Jam and cream, or cream and jam? That's the question!

Dearest Chatter-reader

Today we will be talking about quite a serious topic:

:heart_eyes: SCONES :blush:

What is a scone, you might ask? :see_no_evil:

A scone is the perfect Sunday afternoon tea time treat. :star_struck:
It is a little bit of heaven in your mouth. :smiling_face_with_three_hearts:
It is the Yin to your cup of tea’s Yang. :yin_yang:
It is perfection! :coffee:

A scone can be described as a baked good made of flour, baking powder and other goodies. It is laid out on wax paper, glazed with egg wash, perfectly baked and ready to enjoy in minutes (usually around 15 minutes).

What makes this topic so serious is not necessarily the scone itself, but rather what goes on it. :crown:
Traditional condiments include clotted cream, lemon curd, jams and marmalade.

All good up to here, but what now?

What follows next is the very technical application of the condiments to your scone.
There are two optional techniques to follow:

  1. The Cornish method
    With this method, the scone is split in two, spread with strawberry jam and topped with a spoonful of clotted cream.

  2. The Devonian
    With this method, the scone is split in two, covered with clotted cream and strawberry jam is placed on top.

Please note that this is a very serious decision and not one to be taken lightly. :stuck_out_tongue_winking_eye: Please also note that butter is never an element to be introduced to scones, as they are allergic, and you will be sent to scone jail. :police_car:

The topic of what comes first, the cream or the jam, is one debated by many.
At the end of the day, whether you choose to go with the Devonian or Cornish method, the truly wonderful experience of enjoying a scone at tea time is what makes life worth living for! :rainbow:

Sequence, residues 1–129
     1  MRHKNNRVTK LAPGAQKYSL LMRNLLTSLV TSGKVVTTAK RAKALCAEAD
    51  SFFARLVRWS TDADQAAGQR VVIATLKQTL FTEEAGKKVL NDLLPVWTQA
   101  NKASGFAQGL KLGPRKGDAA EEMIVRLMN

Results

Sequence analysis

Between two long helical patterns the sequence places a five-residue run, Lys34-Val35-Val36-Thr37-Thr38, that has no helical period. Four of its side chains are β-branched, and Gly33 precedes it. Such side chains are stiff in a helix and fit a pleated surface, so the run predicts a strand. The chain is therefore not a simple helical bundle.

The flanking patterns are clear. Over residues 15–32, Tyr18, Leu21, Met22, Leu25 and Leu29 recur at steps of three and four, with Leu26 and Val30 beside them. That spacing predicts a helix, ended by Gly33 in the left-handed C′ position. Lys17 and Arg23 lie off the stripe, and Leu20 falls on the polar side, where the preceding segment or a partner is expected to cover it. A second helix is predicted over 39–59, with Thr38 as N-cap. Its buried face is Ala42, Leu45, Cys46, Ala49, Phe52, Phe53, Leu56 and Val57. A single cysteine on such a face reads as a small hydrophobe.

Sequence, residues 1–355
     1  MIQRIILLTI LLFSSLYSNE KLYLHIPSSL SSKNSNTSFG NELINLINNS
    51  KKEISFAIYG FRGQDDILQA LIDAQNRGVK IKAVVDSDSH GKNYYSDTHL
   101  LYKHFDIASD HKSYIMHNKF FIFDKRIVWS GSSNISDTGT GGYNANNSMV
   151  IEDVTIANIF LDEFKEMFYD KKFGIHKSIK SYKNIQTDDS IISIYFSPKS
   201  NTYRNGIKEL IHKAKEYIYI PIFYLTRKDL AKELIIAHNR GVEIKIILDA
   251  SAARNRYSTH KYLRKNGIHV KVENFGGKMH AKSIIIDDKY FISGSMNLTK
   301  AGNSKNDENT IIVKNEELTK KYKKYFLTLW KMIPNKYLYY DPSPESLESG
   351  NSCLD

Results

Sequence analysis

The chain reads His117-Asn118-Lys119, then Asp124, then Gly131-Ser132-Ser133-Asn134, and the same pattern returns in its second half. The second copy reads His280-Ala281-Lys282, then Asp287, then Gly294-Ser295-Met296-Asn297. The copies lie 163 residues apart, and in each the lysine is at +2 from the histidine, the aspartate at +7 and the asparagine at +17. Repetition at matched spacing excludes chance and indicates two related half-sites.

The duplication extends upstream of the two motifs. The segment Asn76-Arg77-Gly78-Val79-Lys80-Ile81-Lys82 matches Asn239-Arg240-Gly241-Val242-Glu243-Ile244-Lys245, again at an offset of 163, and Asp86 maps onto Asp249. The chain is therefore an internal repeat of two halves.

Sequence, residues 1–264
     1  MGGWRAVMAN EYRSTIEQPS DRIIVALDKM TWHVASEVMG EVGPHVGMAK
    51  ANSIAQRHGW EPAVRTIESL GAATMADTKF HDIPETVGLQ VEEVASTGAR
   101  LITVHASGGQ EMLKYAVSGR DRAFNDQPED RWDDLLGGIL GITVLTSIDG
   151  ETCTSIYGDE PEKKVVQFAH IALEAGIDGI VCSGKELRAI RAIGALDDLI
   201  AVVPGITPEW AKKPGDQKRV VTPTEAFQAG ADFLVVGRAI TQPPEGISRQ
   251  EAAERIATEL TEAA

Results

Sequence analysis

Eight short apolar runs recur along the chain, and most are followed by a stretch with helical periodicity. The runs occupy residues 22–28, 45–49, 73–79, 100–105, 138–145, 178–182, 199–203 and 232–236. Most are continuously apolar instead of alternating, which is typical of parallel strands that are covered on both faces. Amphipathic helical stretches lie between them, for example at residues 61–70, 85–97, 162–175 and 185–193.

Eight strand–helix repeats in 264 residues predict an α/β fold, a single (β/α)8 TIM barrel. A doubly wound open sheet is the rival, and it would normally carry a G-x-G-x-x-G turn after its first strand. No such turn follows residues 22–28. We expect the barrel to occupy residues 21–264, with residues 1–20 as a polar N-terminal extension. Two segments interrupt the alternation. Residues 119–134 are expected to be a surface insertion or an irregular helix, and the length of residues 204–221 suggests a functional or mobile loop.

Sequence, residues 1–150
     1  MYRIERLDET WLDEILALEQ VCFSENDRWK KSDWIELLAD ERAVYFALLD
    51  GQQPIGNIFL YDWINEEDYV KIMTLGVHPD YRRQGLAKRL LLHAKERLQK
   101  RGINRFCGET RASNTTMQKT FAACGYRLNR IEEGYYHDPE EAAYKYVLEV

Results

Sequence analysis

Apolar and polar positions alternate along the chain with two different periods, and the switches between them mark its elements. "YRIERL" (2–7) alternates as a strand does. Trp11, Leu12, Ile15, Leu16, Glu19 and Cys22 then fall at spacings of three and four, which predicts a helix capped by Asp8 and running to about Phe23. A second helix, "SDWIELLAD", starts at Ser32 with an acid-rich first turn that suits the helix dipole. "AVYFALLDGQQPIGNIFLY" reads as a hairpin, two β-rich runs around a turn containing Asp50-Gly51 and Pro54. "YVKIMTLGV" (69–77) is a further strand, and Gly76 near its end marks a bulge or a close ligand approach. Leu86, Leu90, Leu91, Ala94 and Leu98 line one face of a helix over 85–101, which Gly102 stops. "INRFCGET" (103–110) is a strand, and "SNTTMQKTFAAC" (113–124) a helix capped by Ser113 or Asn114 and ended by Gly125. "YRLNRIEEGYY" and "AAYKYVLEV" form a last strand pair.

Oh my :drooling_face: this looks delicious!

You’re right @ChereeKr this is a very serious decision. I would say it is important to have many scones and to be able to try both techniques :face_with_hand_over_mouth:.


I have never had either of the 2! Will definitely try to make those very soon!!!
Looks soo yummy


Ooooh I love scones especially when they come out of the oven (and it’s a very easy pastry to bake @Lari1108) :drooling_face: :yum:!
But… I have to confess here that I like to put a little bit of butter to make it melt slightly. I didn’t know that was sacrilege @ChereeKr ! :scream:
It’s true that when I ate them in tea rooms in England, they were never served with butter! Over there, I usually put jam on one half and cream on the other half but I can see from your post that I have disregarded all conventions haha!! :see_no_evil:


@27sp.sandra I couldn’t agree more! One should also try out the different techniques on scones both with and without raisins. :yum:

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@Lari1108 I would love to see how they turn out! :stuck_out_tongue_winking_eye:

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@Amandine I absolutely love English tea rooms. I have been to a good couple of “high tea’s”! Any tea rooms that stood out or you would recommend? :star_struck: